To ensure electricity demand is met during those hours, “CAISO plans to replace solar generation with electricity from natural gas and hydropower plants, the latter of which are generating at higher levels than previous years,” the EIA said.

North Carolina has 2.8 GW utility-scale PV

North Carolina has the greatest amount of installed photovoltaic capacity in the band that will be at least 90 percent obscured, the EIA said. As of May, the state had a total of 2.8 GW of utility-scale PV installations, or about 13 percent of the national total.

Duke Energy, one of North Carolina’s largest utilities, has estimated that solar energy output across its system “will drop from about 2.5 GW to 0.2 GW at the height of the eclipse,” the EIA said in its Aug. 7 report. However, solar power “makes up a much smaller portion of North Carolina’s generation compared with California,” the agency said.

In August 2016, utility-scale PV, utility-scale solar thermal, and distributed PV supplied 3.1 percent of North Carolina’s electricity generation, compared with 14 percent in California.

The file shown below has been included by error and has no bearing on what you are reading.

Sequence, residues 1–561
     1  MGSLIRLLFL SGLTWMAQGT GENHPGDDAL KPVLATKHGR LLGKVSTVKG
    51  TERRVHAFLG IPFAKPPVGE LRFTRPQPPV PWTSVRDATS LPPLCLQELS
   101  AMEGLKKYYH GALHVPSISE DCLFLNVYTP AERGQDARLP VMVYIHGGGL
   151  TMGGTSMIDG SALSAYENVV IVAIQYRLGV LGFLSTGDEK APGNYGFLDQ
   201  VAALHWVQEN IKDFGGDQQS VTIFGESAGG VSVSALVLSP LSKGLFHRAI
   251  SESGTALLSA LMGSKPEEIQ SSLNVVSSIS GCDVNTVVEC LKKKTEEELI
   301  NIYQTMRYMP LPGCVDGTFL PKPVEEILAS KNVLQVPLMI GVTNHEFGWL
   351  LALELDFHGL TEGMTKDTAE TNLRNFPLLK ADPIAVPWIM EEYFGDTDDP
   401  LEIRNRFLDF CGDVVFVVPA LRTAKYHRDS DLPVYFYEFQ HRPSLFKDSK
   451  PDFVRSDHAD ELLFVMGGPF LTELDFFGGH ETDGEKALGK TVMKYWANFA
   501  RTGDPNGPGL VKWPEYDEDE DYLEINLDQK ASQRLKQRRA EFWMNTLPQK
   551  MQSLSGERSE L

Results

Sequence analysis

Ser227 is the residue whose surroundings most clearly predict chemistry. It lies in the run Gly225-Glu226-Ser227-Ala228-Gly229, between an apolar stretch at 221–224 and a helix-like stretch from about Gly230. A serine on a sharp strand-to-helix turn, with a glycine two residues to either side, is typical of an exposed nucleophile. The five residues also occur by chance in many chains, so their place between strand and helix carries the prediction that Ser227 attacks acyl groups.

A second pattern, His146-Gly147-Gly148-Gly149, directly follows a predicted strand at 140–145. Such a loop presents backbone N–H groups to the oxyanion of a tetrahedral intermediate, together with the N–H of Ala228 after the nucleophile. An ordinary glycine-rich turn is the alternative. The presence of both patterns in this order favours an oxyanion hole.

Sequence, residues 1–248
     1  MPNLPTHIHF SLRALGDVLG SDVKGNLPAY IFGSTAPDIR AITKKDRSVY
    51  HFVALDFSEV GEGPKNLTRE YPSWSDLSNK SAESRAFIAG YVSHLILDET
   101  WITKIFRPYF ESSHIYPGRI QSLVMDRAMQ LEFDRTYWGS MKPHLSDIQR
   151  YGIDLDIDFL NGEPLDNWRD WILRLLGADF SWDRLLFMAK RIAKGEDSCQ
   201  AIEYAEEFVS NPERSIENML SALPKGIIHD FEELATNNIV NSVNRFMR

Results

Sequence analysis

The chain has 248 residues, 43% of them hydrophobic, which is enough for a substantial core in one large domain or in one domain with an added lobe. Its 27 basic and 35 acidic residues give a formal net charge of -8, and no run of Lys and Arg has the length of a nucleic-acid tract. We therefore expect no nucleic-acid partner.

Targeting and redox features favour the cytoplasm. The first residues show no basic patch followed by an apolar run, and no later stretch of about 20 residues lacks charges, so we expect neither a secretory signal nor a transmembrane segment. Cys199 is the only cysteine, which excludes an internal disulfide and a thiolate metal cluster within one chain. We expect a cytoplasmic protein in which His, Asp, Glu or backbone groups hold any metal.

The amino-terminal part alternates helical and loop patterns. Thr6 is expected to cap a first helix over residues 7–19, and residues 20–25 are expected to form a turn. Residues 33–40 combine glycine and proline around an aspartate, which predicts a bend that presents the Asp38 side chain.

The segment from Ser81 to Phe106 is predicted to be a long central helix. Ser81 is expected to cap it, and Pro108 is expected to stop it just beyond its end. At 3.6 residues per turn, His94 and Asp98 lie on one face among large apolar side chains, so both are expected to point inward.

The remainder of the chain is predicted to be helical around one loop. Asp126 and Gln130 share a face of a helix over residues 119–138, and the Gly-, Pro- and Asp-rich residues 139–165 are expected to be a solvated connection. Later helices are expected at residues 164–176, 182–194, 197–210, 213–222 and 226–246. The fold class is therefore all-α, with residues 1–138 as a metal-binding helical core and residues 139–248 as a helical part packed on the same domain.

TVA says it is ready for this unusual event

Meanwhile, one of the nation’s largest electricity generators — the Tennessee Valley Authority — said it has been preparing for the eclipse.

“With the Great American Eclipse ready to darken the sky on Aug. 21, the 9 million people of the Tennessee Valley are wondering: ‘Is TVA ready?’” TVA said in an Aug. 1 update on its website. The answer is yes, the utility said.

Patrick Walshe, TVA operations and analysis manager, said the utility has been getting ready for this event for months. “We are absolutely ready because we’ve been preparing for this eclipse like a major storm or temperature event that could affect our ability to keep electricity flowing to our consumers,” he said.